Skip to main content

Natural Awakenings San Diego

Responding to Change: Who’s in Control?

We’ve all heard the old saying that states the one constant in life is change. Change is inevitable. But sometimes it can be challenging to accept. Even if the change in your life is one that you have chosen, you may still feel that you have lost control over your life's direction.  And if you did not initiate the change, you may feel even more threatened, hopeless or confused. 

Spiritual teachings promise us that we always have choices, no matter how limiting our situation appears. The choice may be to walk away from the situation, to upgrade our skills to better meet it, to find assistance, to network, to wait it out.  The lessons of this situation may be to face the fear of loss, failure, the unknown, embarrassment, or of taking risks.  Our ultimate choice is to decide how we are going to face this fear. Once we have met and "stared down" our greatest fear, it no longer has power to secretly influence our behavior in ways that are destructive to us.

We cannot control life. We can only face our problems and decide that we will learn what we can from them—and what attitude to take.  But we do not have to face them alone. We can find support and engage an ally to help us examine our difficulties for the life lessons and spiritual maturity they offer us.  

The exercise below can help you sort out your issues around controlling the change occurring in your life. Use a paper and pencil to write out the answers to these prompts.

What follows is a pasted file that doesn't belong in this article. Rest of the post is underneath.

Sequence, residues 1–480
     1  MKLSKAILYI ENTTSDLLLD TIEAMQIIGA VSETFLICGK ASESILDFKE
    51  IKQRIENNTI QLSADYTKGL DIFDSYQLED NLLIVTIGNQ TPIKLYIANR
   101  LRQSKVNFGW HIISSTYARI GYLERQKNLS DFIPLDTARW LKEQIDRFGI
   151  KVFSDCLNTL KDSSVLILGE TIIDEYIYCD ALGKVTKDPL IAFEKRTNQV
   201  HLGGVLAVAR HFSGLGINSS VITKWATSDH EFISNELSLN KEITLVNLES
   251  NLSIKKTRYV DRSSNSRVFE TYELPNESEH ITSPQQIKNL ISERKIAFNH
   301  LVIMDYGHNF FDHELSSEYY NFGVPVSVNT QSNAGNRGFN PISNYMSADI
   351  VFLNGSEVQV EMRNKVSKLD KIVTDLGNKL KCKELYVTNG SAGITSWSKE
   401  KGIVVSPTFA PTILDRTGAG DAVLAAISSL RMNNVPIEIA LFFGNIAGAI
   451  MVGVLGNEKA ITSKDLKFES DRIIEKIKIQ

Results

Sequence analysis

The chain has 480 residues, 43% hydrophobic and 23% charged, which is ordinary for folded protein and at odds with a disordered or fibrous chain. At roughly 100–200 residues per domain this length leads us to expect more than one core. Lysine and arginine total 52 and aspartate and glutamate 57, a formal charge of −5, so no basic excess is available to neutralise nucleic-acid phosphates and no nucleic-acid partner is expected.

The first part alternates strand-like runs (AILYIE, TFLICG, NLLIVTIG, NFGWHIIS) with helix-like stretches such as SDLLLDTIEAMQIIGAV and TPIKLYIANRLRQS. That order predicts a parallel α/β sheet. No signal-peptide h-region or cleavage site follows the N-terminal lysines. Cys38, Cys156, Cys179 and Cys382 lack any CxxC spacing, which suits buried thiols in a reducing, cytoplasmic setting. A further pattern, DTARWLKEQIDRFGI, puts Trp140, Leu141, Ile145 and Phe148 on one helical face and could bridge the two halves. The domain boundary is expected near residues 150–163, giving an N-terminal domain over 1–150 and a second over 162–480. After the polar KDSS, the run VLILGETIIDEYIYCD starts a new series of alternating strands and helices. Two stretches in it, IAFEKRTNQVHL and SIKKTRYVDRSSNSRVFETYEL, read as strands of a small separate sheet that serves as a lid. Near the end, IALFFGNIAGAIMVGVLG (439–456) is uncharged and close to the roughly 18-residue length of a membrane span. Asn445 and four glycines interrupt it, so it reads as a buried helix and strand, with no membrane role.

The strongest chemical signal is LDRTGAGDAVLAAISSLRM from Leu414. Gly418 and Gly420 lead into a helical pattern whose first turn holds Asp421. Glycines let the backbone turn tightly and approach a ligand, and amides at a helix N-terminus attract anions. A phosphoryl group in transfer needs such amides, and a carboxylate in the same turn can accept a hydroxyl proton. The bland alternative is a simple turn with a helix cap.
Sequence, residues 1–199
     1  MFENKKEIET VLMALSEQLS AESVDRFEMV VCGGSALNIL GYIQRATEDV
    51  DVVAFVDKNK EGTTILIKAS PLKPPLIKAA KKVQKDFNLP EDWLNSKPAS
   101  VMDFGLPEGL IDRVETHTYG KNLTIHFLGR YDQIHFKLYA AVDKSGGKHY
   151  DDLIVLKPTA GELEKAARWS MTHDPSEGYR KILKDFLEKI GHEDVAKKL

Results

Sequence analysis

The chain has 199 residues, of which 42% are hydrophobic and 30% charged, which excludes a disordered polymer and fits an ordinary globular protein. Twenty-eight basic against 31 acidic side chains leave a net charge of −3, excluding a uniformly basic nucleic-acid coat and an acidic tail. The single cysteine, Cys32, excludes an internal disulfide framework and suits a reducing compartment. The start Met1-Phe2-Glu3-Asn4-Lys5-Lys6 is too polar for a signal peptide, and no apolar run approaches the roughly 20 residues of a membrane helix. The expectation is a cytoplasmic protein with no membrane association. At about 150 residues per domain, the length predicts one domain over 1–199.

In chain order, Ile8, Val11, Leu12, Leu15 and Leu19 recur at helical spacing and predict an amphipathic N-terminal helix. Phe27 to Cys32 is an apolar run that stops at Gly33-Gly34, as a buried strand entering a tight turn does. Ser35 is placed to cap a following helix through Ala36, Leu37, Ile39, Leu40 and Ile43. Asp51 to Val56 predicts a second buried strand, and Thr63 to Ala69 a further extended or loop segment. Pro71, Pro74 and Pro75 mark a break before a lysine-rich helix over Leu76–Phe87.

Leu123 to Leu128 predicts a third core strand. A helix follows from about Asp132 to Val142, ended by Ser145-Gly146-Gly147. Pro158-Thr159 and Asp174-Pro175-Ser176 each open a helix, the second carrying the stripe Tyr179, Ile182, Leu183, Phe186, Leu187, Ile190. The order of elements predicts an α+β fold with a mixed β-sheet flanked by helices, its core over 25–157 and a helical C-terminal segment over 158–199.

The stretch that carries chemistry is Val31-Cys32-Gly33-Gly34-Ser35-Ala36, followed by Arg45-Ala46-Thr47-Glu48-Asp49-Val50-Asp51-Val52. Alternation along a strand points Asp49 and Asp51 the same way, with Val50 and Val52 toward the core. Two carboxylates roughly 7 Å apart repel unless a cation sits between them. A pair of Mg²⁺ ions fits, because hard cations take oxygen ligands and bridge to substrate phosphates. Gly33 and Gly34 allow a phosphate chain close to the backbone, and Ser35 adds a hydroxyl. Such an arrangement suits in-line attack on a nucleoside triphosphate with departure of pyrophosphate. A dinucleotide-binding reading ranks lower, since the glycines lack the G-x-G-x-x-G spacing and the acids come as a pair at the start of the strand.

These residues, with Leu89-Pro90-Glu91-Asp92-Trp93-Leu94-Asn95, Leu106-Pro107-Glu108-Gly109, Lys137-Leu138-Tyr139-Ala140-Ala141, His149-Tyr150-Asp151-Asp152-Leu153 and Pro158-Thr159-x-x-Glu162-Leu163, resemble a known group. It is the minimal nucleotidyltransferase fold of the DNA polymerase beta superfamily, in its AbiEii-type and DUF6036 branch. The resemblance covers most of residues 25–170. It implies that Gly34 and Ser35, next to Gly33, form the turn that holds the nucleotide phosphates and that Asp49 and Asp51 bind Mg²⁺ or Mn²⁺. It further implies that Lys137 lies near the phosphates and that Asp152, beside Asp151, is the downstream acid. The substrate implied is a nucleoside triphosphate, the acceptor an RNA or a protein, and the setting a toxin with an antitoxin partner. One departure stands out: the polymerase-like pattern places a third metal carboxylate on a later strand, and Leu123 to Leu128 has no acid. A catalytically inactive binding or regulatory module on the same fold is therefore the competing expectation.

1. Identify the change.  Write down the change you are experiencing now or in the foreseeable future.

2. Decide levels of control.  On your piece of paper, make three columns.  

What I can control
What I can somewhat control
What I cannot control

3. Make lists.  In the appropriate column, list the issues you are dealing with according to your ability to control them.

4.  Focus. Concentrate on ways to keep yourself centered on the columns that list the things that you can control or can somewhat control.  Let go of the things you cannot control.

5.  Release to Spirit.  Because of the way the universe works, when we worry about things that might happen, we tend to draw them to us. If you have done your very best to take responsibility for your life, then visualize yourself releasing the elements of the change that you cannot control to Spirit. Imagine placing each worry inside its own balloon and releasing it to Spirit. You can also gently tie the worry onto the leg of a dove and send it off. Try any visualization that works for you.

6.  Visualize and feel. Visualize the best possible outcome. See and feel the change in as much detail as possible. Ask that whatever happens (and be aware that it may not be what you expect) be for the highest good of all.

7. Ask for the lesson. Be sure to request that you learn whatever life lesson is buried in the change you are experiencing.

Patricia Ariadne, Ph.D., is called The Transition Therapist because she understands from personal experience what it takes to safely cross over the bridge of change. She can be reached at 760-445-0805 or by visiting